After three days of continuous advance and confused fighting it was all over. Cyprus was sliced in half. The two communities were ethnically separated. Thousands of refugees were displaced from their homes. The Greek Junta and their puppet Sampson went to jail. The UN’s temporary ceasefire still remains the legal position.

Who was responsible? Even the Greek Court of Appeal in Athens ruled in 1979 that the Turkish intervention was legal: ‘The real culprits… are the Greek officers who engineered and staged a coup and prepared the conditions for the invasion.’

Council of Europe agreed: in Resolution 573 it supported the legality of the first wave of the Turkish intervention of 20 July 1974, under the Guarantee Treaty of 1960.

The bitter truth is that Athens and the Greek Cypriots brought it on themselves. Arrogance, pride and stupidity had brought defeat and disaster.

The ancient Greeks were right: hubris invites nemesis…

The Slaughter of the Subalterns

Open letter to the Editor of Legion, the Royal British Legion magazine

Dear Sir,

I was dismayed to read the letter from Elisabeth Wooley in your September issue on officers in the First World War. It is a frequent misapprehension and demands the strongest rebuttal.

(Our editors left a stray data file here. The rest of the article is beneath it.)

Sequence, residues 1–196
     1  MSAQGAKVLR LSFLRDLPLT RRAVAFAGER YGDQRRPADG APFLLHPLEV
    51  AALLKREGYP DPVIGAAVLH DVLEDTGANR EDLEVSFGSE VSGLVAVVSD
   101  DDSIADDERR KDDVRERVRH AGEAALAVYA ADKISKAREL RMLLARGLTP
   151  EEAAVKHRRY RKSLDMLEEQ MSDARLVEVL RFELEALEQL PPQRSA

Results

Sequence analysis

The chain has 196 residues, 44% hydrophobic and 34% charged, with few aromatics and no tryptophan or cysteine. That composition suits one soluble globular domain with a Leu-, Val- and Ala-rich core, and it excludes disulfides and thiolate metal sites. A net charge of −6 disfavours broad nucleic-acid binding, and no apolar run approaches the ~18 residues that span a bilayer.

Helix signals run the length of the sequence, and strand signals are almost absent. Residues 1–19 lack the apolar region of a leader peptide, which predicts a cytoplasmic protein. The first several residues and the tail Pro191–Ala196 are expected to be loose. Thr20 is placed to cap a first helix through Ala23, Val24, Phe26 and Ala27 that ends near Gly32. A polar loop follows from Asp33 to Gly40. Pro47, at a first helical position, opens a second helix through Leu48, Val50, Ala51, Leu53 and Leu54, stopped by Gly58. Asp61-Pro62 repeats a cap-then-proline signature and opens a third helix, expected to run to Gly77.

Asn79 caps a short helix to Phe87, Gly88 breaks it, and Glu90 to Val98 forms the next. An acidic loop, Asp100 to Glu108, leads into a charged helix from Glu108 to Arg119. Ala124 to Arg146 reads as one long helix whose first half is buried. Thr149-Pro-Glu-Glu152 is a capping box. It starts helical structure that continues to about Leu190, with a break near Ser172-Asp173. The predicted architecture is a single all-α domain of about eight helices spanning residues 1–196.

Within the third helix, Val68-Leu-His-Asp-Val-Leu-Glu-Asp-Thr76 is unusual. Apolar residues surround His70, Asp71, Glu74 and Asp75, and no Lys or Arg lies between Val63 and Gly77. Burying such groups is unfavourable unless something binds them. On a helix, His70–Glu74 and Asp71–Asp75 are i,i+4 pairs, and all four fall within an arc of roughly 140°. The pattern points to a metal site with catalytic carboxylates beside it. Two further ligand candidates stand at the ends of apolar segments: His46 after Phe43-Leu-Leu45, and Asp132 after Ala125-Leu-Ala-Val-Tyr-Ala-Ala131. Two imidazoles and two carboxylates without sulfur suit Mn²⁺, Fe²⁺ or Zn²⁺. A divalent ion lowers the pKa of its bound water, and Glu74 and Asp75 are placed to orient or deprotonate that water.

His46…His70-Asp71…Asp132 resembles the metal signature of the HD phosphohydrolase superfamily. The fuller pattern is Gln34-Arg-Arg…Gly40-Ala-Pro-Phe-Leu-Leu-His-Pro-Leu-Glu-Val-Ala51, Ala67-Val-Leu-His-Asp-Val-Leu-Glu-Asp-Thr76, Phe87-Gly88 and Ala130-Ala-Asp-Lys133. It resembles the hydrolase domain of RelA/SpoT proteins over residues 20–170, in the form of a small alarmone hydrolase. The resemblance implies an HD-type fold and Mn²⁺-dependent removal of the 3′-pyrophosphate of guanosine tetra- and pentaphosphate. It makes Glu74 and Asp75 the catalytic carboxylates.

I speak from experience. Once, some years ago, I was compelled to intervene at Delville Wood Commonwealth War Graves Commission cemetery in France, after hearing an earnest young schoolmistress holding forth to her gullible pupils that ‘the reason there were so few officers’ graves was because they all stayed in the trench, forcing their men to advance at pistol point or be executed for cowardice.’ My (somewhat forceful) interruption to point out that she was talking nonsense and there were only 30 officers in a battalion of 900 men (3 per cent), and the officers led from the front was met with incredulity ….

A century on, we do a grave disservice to the dead young officers of the Great War to allow this disgraceful lie to continue unchallenged. Historical facts and truth are more important than ignorant opinions and prejudice. The Legion has a national duty to set the record straight.

The real truth is that the casualty rates among the junior officers in the Great War were horrific. The title of John Lewis-Stempel’s book Six Weeks: The Short and Gallant Life of the British Officer in the First World War, describes the fate of most; the life expectancy of a lieutenant in the Western Front in the trenches was just 42 days: ‘The universal expectation of a subaltern was “a hospital bed or interment in the soil”. Many had come straight from the classroom to the most dangerous job in the world, yet nearly all stepped forward, unflinchingly, to do their duty.’

Attacking across No Man’s Land with nothing but a revolver and in a distinctive uniform, junior officers were obvious targets for German defenders; they dropped in their thousands. One in five of the officer-students drawn from Oxford and Cambridge Universities died.

In the UK around 6 million men were mobilised and, of those, just some 750,000 were killed. That’s around 12 per cent. In fact, as a British soldier, statistically you were more likely to die during the Crimean War (1853-6) than in World War I.